Reason #8 you should not move to Hawaii: You may not recover from the culture shock

Reason #8 you should not move to Hawaii: You may not recover from the culture shock

You would think our conditions would be ripe for change and consumer revolt, but in Hawaii our Aloha Spirit culture creates a shrug-and-bear-it type of attitude.

If you’re caucasian (locally called “Haole” [How-lay]) and raised with traditional American / Western values you are almost guaranteed to be in for a huge culture shock. While Hawaii is one of the United States of America, it’s about as far away from the USA culturally as is it geographically. Consider this: Hawaii’s Statehood holiday (i.e. “celebrating” the day Hawaii became a state) is never celebrated (or even recognized!) by elected officials at any level and is almost always met with protests by those who believe Hawaii was illegally overthrown and illegally annexed by the United States.

Once you get over the passive/aggressive anti-American attitude, you’ll then have to acclimate to a social culture which is founded on a beautiful Hawaiian value system of Aloha, acceptance, and ‘ohana (family) that combines with a strong Asian influence that brings with it an interesting mix of duty, honor, and extremely cliquey circle social circles.

Once you get past that, you’ll have to be forever comfortable that you’re the “low man on the totem pole” in terms of racial minorities. All in Hawaii are minorities but there is a pecking order. Hawaiians are on the top of the heap , followed by other Polynesians, then Asians, and finally the Haoles.

In sumerican closed society embracing pan-Pacific cultural values where haoles are the on the bottom of the social pecking order, you’ll do fine. Most mainland haoles never get past this. Those that do have have learned to embrace its benefits (the Aloha Spirit, the non-materialistic values, the beauty of racial diversity, and the Japanese “Samurai” code of honor) while not letting the downside bother them.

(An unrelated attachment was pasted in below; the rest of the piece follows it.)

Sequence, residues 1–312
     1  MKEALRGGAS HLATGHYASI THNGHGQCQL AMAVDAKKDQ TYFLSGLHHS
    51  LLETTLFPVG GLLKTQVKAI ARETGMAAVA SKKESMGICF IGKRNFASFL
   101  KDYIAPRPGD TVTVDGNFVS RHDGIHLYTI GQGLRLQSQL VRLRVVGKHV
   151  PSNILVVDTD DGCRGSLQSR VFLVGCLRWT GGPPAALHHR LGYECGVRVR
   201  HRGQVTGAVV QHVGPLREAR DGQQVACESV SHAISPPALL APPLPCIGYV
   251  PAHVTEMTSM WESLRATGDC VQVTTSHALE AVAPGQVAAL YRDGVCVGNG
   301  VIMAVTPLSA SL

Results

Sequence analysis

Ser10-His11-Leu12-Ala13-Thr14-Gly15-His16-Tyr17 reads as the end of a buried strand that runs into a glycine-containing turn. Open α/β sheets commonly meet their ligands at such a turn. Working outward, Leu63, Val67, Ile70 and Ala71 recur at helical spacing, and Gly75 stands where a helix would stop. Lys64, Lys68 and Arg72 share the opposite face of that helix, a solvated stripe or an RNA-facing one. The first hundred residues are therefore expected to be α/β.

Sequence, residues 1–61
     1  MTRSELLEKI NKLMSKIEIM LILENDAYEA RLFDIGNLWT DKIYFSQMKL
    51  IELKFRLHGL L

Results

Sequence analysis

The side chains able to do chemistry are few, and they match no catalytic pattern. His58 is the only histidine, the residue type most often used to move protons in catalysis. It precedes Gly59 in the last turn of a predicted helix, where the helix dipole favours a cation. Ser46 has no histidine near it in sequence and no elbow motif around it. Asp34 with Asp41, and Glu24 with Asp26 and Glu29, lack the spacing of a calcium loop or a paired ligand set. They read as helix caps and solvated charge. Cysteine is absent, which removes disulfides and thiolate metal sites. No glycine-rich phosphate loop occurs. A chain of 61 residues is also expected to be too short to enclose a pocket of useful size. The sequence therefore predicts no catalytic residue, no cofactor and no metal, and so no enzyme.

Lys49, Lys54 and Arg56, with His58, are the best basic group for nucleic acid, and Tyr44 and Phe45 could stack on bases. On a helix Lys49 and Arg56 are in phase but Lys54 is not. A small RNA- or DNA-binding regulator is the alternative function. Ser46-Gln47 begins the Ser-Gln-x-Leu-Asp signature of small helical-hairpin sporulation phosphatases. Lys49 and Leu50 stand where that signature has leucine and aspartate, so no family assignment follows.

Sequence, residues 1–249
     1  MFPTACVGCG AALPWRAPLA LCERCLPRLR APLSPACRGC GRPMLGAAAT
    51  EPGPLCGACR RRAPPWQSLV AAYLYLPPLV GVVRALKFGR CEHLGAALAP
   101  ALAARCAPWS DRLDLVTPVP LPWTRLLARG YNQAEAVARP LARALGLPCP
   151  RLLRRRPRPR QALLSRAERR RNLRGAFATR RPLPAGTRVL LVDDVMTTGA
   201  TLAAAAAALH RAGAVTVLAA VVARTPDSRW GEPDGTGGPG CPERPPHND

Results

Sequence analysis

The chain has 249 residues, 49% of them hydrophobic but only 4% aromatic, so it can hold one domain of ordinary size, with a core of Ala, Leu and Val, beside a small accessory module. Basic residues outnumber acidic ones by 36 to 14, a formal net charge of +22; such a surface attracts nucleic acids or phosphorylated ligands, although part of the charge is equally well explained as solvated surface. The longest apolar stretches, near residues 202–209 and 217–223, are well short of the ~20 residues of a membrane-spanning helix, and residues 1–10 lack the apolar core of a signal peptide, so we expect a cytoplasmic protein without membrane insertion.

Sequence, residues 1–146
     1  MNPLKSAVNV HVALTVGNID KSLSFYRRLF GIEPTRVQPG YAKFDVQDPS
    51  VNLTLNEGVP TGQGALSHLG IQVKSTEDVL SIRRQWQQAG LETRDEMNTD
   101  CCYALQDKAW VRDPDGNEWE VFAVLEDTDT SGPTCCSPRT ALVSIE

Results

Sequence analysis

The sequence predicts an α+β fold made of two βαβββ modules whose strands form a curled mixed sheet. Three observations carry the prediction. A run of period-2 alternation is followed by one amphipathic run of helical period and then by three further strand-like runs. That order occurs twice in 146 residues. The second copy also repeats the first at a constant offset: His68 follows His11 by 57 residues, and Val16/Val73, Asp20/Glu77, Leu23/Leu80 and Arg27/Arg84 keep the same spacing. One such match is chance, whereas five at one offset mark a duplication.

Reason #9 you should not move to Hawaii: You’ll always be an outsider

It doesn’t matter how well you’ve integrated with Hawaii’s culture; you’ll always be the “mainlander” and if you’re haole, even more so. It won’t matter if you married “local”, have been Hanai’d (“ha-nigh”) by a local family (to Hanai is to adopt one into a family), had mixed-race children, have done countless good works for Hawaii and have lived here for most of your life. Too bad so sad you’re still a mainland haole.

Unlike the US mainland where you’re either a New Yorker, Chicagoan, Californian, Georgian or whatevers, in Hawaii you will never be more than a Hawaii resident. The only people that will call you “Hawaiian” are those that are absolutely clueless.

What does this mean, really? It means you will have to completely let go of your Western self and completely embrace your new Hawaiian islander self. You must be like Lt. John Dunbar who comes in as an American soldier to a remote output and “turns inerican Indian tribe and long longer speaks English or identifies by his American name. If you can be Dances with Wolves, you’ll do fine. If you insist on remaining Lt. John Dunbar, it’s only a matter of time before you’ll need to leave.

Reason #10 you should not move to Hawaii: Everything is really expensive

If it costs money, it will cost a lot more than you’re used to paying. Nothing here is cheap. Even locally produced goods cost a ton more. One interview with a local cattle rancher revealed that it’s cheaper to ship calfs from Hawaii to the mainland, raise them there, then ship them back for the slaughterhouse than it is to raise them on Hawaiian lands.